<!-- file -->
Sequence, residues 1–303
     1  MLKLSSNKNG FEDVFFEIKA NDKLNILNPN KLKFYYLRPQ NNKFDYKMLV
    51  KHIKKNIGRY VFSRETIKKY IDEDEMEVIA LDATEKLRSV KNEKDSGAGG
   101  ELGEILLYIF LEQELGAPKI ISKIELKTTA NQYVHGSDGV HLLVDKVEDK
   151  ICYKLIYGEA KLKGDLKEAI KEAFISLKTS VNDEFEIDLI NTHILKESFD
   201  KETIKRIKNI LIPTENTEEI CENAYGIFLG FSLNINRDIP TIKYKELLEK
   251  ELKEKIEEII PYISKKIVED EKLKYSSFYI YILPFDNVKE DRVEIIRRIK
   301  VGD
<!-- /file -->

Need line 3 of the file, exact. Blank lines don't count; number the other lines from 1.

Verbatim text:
    51  KHIKKNIGRY VFSRETIKKY IDEDEMEVIA LDATEKLRSV KNEKDSGAGG